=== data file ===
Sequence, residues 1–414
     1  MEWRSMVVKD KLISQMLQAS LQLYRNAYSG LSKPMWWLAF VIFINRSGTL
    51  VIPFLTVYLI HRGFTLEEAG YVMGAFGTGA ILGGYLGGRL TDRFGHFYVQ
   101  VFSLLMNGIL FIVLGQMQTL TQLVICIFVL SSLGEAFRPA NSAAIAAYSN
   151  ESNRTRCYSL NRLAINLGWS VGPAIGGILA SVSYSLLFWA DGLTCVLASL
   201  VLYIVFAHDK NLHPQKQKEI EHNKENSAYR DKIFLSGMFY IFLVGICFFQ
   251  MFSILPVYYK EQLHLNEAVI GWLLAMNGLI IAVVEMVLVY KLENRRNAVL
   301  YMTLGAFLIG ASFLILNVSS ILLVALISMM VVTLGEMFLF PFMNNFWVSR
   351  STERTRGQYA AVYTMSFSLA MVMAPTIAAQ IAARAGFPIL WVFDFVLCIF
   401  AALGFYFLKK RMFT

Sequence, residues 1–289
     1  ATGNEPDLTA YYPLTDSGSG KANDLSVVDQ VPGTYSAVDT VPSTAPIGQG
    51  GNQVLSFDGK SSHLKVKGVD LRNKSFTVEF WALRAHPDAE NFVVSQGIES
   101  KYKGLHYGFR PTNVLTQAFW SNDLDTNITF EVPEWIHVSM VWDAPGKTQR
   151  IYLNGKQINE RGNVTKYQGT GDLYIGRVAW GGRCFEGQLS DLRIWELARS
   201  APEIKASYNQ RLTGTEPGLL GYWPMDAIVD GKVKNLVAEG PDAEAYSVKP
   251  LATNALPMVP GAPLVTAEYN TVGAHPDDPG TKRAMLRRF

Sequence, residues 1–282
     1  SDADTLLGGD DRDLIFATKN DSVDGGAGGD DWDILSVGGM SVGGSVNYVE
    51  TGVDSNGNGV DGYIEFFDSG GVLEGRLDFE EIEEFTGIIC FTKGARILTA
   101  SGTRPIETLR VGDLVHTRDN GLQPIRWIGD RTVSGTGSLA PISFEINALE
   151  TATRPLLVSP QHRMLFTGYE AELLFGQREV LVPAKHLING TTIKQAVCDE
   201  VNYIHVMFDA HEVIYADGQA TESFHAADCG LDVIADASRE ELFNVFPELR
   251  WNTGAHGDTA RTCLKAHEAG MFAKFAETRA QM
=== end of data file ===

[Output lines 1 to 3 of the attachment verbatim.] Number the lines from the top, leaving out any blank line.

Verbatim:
Sequence, residues 1–414
     1  MEWRSMVVKD KLISQMLQAS LQLYRNAYSG LSKPMWWLAF VIFINRSGTL
    51  VIPFLTVYLI HRGFTLEEAG YVMGAFGTGA ILGGYLGGRL TDRFGHFYVQ